Detrimental influences:
Age and obsolescence of dwellings

Inhabitants Type:
Skilled mechanics; Estimated annual income: $2000 and up; Infiltration: Mixed foreign

“This area contains a mixture of singles, doubles and triples and a scattering of apartments located on comparatively small plots. In habitats are mostly employed in adjacent Winchester Plant and are skilled mechanics. Pride of ownership is decidedly spotty”

881 households were displaced
Oak Street was the densest and most diverse neighborhoods in New Haven, filled with tenements, factories, business, garages and churches
Federal Housing Administration
established the
Home Owners Loan Corporation
in 1934 which engaged in discriminatory practice of delineating areas where banks would avoid investments based on community demographics
Census of 1940 - pop. 160,605
350 business cleared
Demolition to create:
1 mile of highway & 1 million square feet of surface parking
A Social History of Environmentalism & the Urban Landscape in New Haven
the city seized 42 acres of private land
Urban Renewal, 1953-58:
New Haven as a Model City
USA president 1901-1909
By 1950 federal money insured over half the mortgages in the USA - but only in white segregated neighborhoods
To New York
To Macy's parking garage
From suburbs
We replaced the "slum" with a highway that goes perhaps one mile, and then stops dead at a parking deck
Route 34 bisected between the Hill and Downtown
Yale Homebuyers
Program is aimed at slowing flight to the suburbs, provides

$30,000 over 10 years to Yale employees purchasing homes within New Haven
additional $5,000 incentive for purchasing homes in Dixwell before December 31, 2017.

Fall of 2015, the program has supported more than 1,134 homebuyers throughout the city
vibrant social life...characterized by streets teeming with factory workers, school children, delivery boys going to and from industrial plants, schools, and storefronts
Urban Renewal and white flight to suburbs
European immigrants arriving to meet growing needs of industry
African American migration from the south coincides with decline in industry
Present day demographics
Yale in the urban landscape
Yale University was intimately involved in the city’s urban renewal efforts – various faculty and departments consulted for New Haven’s Redevelopment Agency.
A failed Yale -supported proposal for a loop road that would provide some insulation from the city
3 positive initiatives between Yale and New Haven
New Haven Promise
Provides 100% tuition to in-state public colleges and universities and a partial subsidy to in-state private colleges and universities.

attend New Haven public schools
earn a 3.0 GPA
90% attendance
40 hours of community service.
Since 2011 1,665 students have benefited from New Haven Promise
Flyer advertising Siloam Springs as an exclusively white town; circa 1919.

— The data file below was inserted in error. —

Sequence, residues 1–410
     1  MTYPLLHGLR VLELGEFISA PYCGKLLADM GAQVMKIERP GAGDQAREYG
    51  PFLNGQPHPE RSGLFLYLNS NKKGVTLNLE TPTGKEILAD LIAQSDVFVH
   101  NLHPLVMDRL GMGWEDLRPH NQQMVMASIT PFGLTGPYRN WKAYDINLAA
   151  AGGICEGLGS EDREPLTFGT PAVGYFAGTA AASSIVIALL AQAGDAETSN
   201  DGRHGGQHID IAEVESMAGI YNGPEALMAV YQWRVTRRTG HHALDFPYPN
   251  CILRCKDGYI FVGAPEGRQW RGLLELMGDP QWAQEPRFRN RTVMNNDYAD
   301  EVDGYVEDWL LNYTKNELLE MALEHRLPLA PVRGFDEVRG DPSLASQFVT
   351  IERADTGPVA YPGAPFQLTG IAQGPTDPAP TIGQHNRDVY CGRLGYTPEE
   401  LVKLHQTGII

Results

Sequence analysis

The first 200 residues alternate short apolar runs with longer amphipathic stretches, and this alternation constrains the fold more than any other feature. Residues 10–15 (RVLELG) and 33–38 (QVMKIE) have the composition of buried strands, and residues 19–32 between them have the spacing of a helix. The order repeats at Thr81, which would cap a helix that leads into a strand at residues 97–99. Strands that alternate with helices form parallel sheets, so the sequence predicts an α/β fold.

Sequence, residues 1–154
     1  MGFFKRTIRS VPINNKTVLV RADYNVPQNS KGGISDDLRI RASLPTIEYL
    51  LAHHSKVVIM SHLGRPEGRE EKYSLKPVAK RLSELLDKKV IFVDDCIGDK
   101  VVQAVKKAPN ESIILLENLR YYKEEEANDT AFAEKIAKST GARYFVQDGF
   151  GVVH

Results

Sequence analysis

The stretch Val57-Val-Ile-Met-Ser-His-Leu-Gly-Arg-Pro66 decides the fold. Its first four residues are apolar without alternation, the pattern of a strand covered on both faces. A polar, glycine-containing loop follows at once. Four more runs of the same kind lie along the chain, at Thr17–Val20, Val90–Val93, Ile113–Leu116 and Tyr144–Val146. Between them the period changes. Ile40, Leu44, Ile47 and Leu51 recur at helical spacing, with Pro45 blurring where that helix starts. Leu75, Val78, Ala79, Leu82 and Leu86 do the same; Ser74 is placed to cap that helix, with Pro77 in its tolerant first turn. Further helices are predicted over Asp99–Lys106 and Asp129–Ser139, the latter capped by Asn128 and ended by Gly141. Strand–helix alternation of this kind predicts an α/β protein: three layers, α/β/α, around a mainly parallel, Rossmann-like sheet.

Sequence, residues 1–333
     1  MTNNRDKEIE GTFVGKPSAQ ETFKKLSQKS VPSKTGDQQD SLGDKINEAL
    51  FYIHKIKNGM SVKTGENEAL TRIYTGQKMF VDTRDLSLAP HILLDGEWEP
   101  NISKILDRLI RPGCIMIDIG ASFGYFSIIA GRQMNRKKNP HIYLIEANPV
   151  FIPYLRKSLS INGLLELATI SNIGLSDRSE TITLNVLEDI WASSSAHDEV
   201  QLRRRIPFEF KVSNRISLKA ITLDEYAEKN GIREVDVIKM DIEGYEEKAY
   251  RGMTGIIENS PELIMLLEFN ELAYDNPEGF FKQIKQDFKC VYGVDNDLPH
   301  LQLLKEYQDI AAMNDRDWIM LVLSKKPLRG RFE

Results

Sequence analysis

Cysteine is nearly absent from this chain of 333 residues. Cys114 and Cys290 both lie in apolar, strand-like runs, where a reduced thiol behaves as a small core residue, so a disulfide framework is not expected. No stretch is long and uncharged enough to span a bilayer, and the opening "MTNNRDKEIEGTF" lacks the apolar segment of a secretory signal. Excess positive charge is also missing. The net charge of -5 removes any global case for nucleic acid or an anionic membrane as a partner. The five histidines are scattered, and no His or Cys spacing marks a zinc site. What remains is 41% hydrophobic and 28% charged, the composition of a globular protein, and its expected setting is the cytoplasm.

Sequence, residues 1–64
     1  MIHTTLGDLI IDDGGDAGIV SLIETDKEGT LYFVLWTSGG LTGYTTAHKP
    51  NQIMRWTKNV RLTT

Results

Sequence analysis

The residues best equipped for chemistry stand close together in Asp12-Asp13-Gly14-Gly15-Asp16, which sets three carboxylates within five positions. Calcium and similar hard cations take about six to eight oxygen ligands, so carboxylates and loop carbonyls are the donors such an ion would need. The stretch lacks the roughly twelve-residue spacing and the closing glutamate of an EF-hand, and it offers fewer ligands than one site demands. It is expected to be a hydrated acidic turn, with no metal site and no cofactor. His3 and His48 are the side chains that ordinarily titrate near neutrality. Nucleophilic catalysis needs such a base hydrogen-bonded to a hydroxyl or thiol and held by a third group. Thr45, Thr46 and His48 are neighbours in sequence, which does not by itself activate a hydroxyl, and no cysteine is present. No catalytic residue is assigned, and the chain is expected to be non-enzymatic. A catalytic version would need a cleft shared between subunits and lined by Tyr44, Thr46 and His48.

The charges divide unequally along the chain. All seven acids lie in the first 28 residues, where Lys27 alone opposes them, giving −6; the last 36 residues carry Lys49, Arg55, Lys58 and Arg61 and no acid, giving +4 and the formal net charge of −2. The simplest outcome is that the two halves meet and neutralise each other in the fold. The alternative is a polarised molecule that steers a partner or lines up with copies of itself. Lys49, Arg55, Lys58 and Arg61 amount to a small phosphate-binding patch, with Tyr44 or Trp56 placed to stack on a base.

Letter signed by 100 cultural, arts, community and religious leaders -- all people of color -- and addressed to the directors of the Big 10 conservation groups, the letter charged the organizations with a history of "racist and exclusionary practices"
wilderness viewed as a dangerous, untamed region that needed to be brought under control
Distrust of government and science--given history of lack of informed consent

they don't represent minorities
they don't prioritize minorities
history of lying to and victimizing minorities
Forced sterilization of Native American women
Tuskegee case
Henrietta Lacks
PEOPLE OF COLOR Environmental Leadership Summit, 1991
Dismantles nature-culture dualism and shift focus away from wilderness conservation
Marginalized people are trapped at many institutional levels in unhealthy environments that are beyond their control to change
Expansion of environmentalism to broader Issues of inequity
Connection between
environmental exploitation
human exploitation
social justice
A healthy environment is seen as a basic human right
Urban Resources Initiative

23 years
316 sites (~50 active per summer) in 15 neighborhoods
800-1100 individual volunteers per year
2742 trees planted (average of 120 trees per summer), not including 2018
Grassroots, volunteer led, current leadership includes 16 groups over 10 years old, including 4 groups that started 20 years or more ago.

10 years
5191 trees planted
255 high school students have received green job skills training
Hire about 25 high school students every year
Hire formerly incarcerated adults work 3-4 weekdays per week in fall and spring: 147 individuals (since spring 2010)

Constructed first bioswale in Dec 2013 and began experimenting with designs and monitoring effectiveness with Professor Gabe Benoit
Currently constructing 75 bioswales in partnership with Emerge and New Haven
Newhallville illustrates the relationship between industrial growth and the emergence of a large working-class, residential neighborhood emblematic of the late 19th century.
Background to "Silent Spring”

In terms of controlling pests, rapid economic growth, human modification of the environment was by definition good - no perceived harm from DDT
During the growth in industry in
Newhallville 65% to 75% of housing units were occupied by families whose household head worked for Winchester Company.

To stop the degradation of the planet's natural environment and to build a future in which humans live in harmony with nature, by:

conserving the world's biological diversity
ensuring that the use of renewable natural resources is sustainable
promoting the reduction of pollution and wasteful consumption.
WWF Mission statement
How resources are valued change over time
For more classes on urbanism, race, history and politics at Yale
The Community Greenspace program provides material supplies, technical advice, and classroom-based and hands-on training to support resident-driven community greening projects. Since 1995, Greenspace has supported more than 297 diverse urban restoration projects with an annual participation of about 1,000 New Haven residents.
URI GreenSkills is a local green jobs program that employs high school students and adults with employment barriers through the planting of trees. GreenSkills connects people to their communities, their environment, and each other.
Restrictive Covenants
Increased Coordination and Control in Urban Development
Sundown towns
@ FES Spring 2019
Michael Mendez, "Justice, Nature, and Reflective Practice"
Understanding a sense of history and cultural dynamics in a society is integral to understanding and shaping the built environment...
....and the natural environment
Advancing Green Infrastructure Program Wins Harvard's Roy Award for Environmental Partnership
URI, Common Ground School, WPCA, Emerge, Yale FES & City of New Haven
Colonialists knew the myth of wilderness areas devoid of people was a myth
Early critique of EJ as a framework for explaining came from economists

disparities exist because the market functioning properly

some people are willing to live or work in a contaminated areas if the rent is low enough or wages high high enough
Full transcript